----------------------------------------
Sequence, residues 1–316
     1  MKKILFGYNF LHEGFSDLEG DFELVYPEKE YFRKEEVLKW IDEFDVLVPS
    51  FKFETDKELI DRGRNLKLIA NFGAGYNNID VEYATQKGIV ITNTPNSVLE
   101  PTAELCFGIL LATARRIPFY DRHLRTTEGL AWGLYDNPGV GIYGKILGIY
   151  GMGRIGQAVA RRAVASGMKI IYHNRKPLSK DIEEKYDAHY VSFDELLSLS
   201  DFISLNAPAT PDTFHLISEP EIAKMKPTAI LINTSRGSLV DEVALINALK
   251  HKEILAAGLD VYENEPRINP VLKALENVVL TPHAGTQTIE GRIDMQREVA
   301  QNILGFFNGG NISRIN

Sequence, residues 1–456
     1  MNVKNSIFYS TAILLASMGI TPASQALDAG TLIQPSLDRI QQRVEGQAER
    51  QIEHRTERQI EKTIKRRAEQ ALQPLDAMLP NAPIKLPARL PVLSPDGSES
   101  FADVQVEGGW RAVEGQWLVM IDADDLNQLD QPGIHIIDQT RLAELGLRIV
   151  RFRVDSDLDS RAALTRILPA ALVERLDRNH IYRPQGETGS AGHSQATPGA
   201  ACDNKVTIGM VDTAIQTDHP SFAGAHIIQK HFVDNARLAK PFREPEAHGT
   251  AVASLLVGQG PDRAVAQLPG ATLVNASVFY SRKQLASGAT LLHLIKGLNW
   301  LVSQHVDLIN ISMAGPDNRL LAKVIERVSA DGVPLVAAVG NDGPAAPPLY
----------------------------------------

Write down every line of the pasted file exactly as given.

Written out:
Sequence, residues 1–316
     1  MKKILFGYNF LHEGFSDLEG DFELVYPEKE YFRKEEVLKW IDEFDVLVPS
    51  FKFETDKELI DRGRNLKLIA NFGAGYNNID VEYATQKGIV ITNTPNSVLE
   101  PTAELCFGIL LATARRIPFY DRHLRTTEGL AWGLYDNPGV GIYGKILGIY
   151  GMGRIGQAVA RRAVASGMKI IYHNRKPLSK DIEEKYDAHY VSFDELLSLS
   201  DFISLNAPAT PDTFHLISEP EIAKMKPTAI LINTSRGSLV DEVALINALK
   251  HKEILAAGLD VYENEPRINP VLKALENVVL TPHAGTQTIE GRIDMQREVA
   301  QNILGFFNGG NISRIN

Sequence, residues 1–456
     1  MNVKNSIFYS TAILLASMGI TPASQALDAG TLIQPSLDRI QQRVEGQAER
    51  QIEHRTERQI EKTIKRRAEQ ALQPLDAMLP NAPIKLPARL PVLSPDGSES
   101  FADVQVEGGW RAVEGQWLVM IDADDLNQLD QPGIHIIDQT RLAELGLRIV
   151  RFRVDSDLDS RAALTRILPA ALVERLDRNH IYRPQGETGS AGHSQATPGA
   201  ACDNKVTIGM VDTAIQTDHP SFAGAHIIQK HFVDNARLAK PFREPEAHGT
   251  AVASLLVGQG PDRAVAQLPG ATLVNASVFY SRKQLASGAT LLHLIKGLNW
   301  LVSQHVDLIN ISMAGPDNRL LAKVIERVSA DGVPLVAAVG NDGPAAPPLY